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Re: [RDFa] Default datatype should be a string

From: Mark Birbeck <mark.birbeck@x-port.net>
Date: Mon, 5 Feb 2007 15:40:01 +0000
Message-ID: <640dd5060702050740q53bac030j631fe15374f26e62@mail.gmail.com>
To: "Ivan Herman" <ivan@w3.org>
Cc: public-rdf-in-xhtml-tf@w3.org

Hi Ivan,

With respect, you seem to have missed some of the key points of my
mail, or at least you haven't replied to them. That mash-ups of data
are desirable is not controversial--that's the whole raison d'etre of
RDFa. (And that I might be less than pragmatic in my approach to
trying to solve RDFa problems as it attempts to straddle the less than
perfect worlds of RDF and XHTML, I'll leave for another day.)

Anyway, I won't rehearse all the arguments again, but instead I'll
focus on one important issue; there are a number of situations where
SPARQL will not match something that you might expect it to match, and
those situations have nothing to do with RDFa. We'll put
rdf:XMLLiteral and RDFa to one side for the moment, and look at the
general issues with using SPARQL queries.

Using your FOAF files as a source, try the following query:

PREFIX foaf: <http://xmlns.com/foaf/0.1/>
SELECT ?s
FROM <http://www.ivan-herman.net/foaf.rdf>
WHERE
{
  ?s foaf:name "Ivan Herman" .
}

You'll see that it returns nothing! That's not my fault; the
'problem'--insofar as there is one--is that we have queried for the
plain literal "Ivan Herman" when the RDF in
<http://www.ivan-herman.net/foaf.rdf> is:

  <foaf:name xml:lang="en">Ivan Herman</foaf:name>

which is:

  "Ivan Herman"@en

The definition of equality in RDF Concepts says that not only must the
datatype match (as you point out) but also the language (and obviously
the string itself).

So, just to be clear, we *already* have a problem querying your
standard-issue RDF file, which obviously means that any issues we now
need to resolve are not necessarily to do with RDFa.

It's interesting to note that there is nothing that you can do to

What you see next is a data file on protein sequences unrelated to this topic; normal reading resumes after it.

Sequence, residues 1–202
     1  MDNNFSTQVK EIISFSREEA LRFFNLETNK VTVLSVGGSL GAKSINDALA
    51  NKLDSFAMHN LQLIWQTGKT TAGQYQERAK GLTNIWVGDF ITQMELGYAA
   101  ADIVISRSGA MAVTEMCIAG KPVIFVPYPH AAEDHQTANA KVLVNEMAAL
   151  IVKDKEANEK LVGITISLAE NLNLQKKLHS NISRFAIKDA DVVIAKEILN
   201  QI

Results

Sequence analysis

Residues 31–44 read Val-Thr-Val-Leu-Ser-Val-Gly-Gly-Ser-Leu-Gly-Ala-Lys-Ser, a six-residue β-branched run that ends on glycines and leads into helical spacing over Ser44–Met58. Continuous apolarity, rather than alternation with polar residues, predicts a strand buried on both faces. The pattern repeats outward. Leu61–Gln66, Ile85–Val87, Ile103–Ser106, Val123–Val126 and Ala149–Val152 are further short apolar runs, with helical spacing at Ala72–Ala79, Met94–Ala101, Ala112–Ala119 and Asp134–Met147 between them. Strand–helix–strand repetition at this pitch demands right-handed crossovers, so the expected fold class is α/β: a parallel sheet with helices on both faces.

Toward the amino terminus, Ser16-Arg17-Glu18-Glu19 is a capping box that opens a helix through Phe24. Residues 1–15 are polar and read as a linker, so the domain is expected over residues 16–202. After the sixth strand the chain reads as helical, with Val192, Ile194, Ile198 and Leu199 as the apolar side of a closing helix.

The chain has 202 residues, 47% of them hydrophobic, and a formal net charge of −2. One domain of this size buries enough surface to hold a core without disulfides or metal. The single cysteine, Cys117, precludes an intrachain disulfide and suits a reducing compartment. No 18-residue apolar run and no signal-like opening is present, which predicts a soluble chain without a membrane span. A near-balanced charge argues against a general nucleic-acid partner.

address this 'issue' at the level of your RDF file. For example, say
you removed the language tag from your RDF; there is still nothing to
stop someone else from using a language tag on your name in _their_
RDF, and so the query we just used will still fail to find some data,
somewhere.

Similarly, if you were to change your query so that you actually tried
to match on the language:

.
.
.
WHERE
{
  ?s foaf:name "Ivan Herman"@en .
}

there would still be no way to ensure that everyone else used exactly
the same language tag when they placed your name in their RDF, and as
a consequence, there would still be some data that you couldn't find.

Whichever way we twist and turn, unless we have complete control over
both the data and the queries, one cannot write SPARQL queries in such
a way that they ignore the narrow 'RDF Concepts' definition of
equality. (I've used 'language' to make the point here, but you'll
find the same issue comes up with datatypes; since you cannot control
whether I use "42" or "42"^^xsd:integer, you cannot write simple
queries that find both.)

However, if we 'normalise' the values in foaf:name by using the str()
function, things are much easier and predictable:

.
.
.
WHERE
{
  ?s foaf:name ?name .

  FILTER (str(?name) = "Ivan Herman")
}

Now our query is saying that we want to match against the *lexical*
value of foaf:name, and therefore we're no longer 'hampered' with
languages and datatypes. With this query, you'll see that the value in
your RDF file correctly appears.

Note also that if we modify the query above to include a reference to
your RDFa data:

PREFIX foaf: <http://xmlns.com/foaf/0.1/>
SELECT ?s ?name
FROM <http://torrez.us/services/rdfa/http://www.w3.org/People/Ivan/>
FROM <http://www.ivan-herman.net/foaf.rdf>
.
.
.

the foaf:name from _that_ document also now appears in our search
results. In other words, we've got the correct data regardless of
language and datatypes.

To recap, we've gone from getting no results, to getting two; the one
from your RDF file that has a language:

  <foaf:name xml:lang="en">Ivan Herman</foaf:name>

and the one from your RDFa file which has an rdf:XMLLiteral datatype:

  <foaf:name
    rdf:datatype="http://www.w3.org/1999/02/22-rdf-syntax-ns#XMLLiteral"
  >
    Ivan Herman
  </foaf:name>

We've created a query that returns the expected results, and it does
so regardless of how the data was originally entered.

Given this, let's look at what needs to be done to your original query
to make it work:

SELECT ?thisIsWhatIWant
WHERE {
  ?something foaf:name ?me.
  ?otherResource contact:fullName ?me.
  ?otherResource something:here ?thisIsWhatIWant.
}

The reason this gives unexpected results has nothing to do with RDFa,
but rather it relies on there being a narrow 'RDF Concepts' notion of
equivalence between foaf:name and contact:fullName. As we saw above,